One of the limitations in both our qualitative and quantitative observation was that it was difficult to distinguish between who was a staff member and who was a student. As we carried out a covert observation (individuals did not know research or observation was taking place) we could not ask individuals which category they would fall into. Some staff members could have also been students (vice versa) and therefore we had to make some ethical decisions about if the individual would fall into a certain category or if would skip them.
There are ethical issues involved in the use of covert research but the use of covert methods may be justi?ed in certain occurrences. For example, difficulties can occur when individuals participating in the research change their behaviour because they know they are being studied. However, ‘covert methods violate the principles of informed consent and may invade the privacy of those being studied.’ (Bryman, 2012)
We conducted both our qualitative and quantitative research using observations. Performing observations allowed us to use our ‘self’ as the main tool of our research and therefore we required no technical/statistical support which was an advantage. Observing individuals also gave us a better chance of maintaining naturalness of the setting than other research methods. For example, structured and unstructured interviews rely on what individuals say rather than what they do and this cannot automatically be presumed to reflect the truth and therefore the validity of the data can be questioned. Interviewees statements can also be affected by the identity of the researcher which deducts the chance of maintaining naturalness.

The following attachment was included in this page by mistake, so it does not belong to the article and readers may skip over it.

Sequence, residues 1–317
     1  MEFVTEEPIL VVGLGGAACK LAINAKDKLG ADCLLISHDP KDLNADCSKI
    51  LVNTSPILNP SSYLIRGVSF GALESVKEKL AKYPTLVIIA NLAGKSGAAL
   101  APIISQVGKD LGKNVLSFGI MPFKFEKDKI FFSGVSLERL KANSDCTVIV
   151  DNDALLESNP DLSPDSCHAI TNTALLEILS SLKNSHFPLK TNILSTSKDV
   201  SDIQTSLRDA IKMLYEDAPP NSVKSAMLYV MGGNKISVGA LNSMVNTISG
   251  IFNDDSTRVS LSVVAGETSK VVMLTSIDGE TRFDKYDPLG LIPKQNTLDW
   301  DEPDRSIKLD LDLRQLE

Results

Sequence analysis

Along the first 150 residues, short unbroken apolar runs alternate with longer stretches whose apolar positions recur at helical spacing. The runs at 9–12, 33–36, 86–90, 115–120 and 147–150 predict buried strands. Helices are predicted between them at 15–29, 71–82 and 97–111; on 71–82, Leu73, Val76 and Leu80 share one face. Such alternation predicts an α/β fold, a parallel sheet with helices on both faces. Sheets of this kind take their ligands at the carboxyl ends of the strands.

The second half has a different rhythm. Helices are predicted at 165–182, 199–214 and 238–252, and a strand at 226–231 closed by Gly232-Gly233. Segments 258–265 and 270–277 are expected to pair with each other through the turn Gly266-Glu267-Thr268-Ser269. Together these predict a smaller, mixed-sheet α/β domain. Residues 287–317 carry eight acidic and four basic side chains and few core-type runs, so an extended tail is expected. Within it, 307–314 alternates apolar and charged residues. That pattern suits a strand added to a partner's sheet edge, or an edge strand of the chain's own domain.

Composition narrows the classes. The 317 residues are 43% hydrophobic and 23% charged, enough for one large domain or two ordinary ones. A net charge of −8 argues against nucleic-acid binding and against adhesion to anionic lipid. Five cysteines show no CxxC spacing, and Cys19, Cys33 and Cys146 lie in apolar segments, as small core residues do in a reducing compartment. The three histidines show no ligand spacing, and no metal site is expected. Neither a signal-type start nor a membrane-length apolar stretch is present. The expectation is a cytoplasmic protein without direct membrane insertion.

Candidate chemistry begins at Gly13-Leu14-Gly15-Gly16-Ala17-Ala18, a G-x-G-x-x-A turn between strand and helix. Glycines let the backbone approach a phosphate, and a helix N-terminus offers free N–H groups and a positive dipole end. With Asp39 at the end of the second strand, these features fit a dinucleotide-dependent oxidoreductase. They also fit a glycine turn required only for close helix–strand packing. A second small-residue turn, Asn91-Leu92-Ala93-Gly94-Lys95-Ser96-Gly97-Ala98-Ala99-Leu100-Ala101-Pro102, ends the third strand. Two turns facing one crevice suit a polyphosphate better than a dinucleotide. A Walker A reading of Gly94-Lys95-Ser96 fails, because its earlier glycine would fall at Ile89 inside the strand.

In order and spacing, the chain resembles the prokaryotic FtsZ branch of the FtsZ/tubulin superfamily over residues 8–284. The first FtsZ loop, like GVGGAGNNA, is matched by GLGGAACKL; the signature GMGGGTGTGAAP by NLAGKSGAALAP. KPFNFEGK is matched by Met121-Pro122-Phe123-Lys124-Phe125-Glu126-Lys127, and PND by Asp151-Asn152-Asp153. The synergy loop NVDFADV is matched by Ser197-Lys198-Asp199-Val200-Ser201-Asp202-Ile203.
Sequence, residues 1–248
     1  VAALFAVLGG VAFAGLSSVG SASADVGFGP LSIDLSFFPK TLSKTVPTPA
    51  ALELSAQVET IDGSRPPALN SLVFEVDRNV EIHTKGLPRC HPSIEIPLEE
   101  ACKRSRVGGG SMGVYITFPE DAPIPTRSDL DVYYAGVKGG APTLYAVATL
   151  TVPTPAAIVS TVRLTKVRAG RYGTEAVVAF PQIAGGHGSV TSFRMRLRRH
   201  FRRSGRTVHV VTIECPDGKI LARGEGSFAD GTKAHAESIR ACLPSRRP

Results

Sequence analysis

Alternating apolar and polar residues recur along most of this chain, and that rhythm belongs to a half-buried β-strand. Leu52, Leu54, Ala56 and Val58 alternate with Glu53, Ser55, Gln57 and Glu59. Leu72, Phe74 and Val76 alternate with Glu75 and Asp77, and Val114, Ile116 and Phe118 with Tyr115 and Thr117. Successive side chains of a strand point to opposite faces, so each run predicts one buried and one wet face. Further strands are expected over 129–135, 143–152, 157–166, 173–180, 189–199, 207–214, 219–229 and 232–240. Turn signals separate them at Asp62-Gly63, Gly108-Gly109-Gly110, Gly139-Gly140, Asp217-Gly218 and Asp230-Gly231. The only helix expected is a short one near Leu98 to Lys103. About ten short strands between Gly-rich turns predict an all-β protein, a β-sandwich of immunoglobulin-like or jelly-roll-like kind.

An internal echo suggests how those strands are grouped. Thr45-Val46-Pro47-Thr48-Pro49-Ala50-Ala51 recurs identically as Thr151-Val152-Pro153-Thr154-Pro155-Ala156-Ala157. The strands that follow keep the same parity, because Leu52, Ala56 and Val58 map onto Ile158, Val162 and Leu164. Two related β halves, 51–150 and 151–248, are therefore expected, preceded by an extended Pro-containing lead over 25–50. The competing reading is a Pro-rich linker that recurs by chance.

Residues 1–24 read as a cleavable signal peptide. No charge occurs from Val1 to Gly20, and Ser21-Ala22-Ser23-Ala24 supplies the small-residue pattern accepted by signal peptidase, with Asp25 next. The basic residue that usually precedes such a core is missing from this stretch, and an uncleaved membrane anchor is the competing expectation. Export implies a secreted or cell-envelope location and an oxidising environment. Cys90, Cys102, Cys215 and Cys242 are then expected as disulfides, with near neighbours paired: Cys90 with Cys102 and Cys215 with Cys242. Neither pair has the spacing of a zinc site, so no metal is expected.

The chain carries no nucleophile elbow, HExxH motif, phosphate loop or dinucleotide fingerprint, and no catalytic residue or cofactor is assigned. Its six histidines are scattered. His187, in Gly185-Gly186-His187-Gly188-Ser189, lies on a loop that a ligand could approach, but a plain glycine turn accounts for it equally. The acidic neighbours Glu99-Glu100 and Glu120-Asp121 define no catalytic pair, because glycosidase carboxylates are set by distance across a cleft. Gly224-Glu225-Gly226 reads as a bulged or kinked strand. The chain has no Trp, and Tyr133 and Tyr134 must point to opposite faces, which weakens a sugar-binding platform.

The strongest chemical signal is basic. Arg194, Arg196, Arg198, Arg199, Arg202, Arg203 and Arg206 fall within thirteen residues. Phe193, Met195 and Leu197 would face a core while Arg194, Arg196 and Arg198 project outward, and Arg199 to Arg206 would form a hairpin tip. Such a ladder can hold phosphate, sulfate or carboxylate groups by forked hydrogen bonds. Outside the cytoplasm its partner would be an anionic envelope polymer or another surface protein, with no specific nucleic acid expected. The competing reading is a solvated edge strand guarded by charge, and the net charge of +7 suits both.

Questionnaires is also another useful method within research. Questionnaires are easier to arrange than, for example structured interviews. All respondents are expected to self-complete their questionnaire which minimizes the interpersonal factors or in which a question is asked. However, self-completion of questionnaire does not allow researchers to check the truthfulness of answer provided by the respondent.
Mixed methods research is a term which has been introduced within lectures. Mixed methods research is research that ‘integrates qualitative and quantitative research within a single project’ (Bryman, 2012). The mixed methods approach has many advantages; it allows researchers to compare and check their findings from one method against the findings from a different method. If similar data is produced from different methods, the findings become more accurate. The use of more than one method can also improve the findings of a research by constructing a fuller and more complete picture of what is being studied.
However, although mixed methods approach has become more common, the epistemological version about the nature of quantitative and qualitative research, believes quantitative and qualitative research are ‘grounded in incompatible epistemological principles’. According to this version of their nature, mixed methods of research is not possible.
In conclusion, observing individuals for our research has allowed me to gain experience carrying out observational research. The quantitative observation allowed us to directly record what individuals were doing and gain data within a short time-span. Whereas, the qualitative observation allowed us to gain an insight on how and why individuals done carried out particular activities.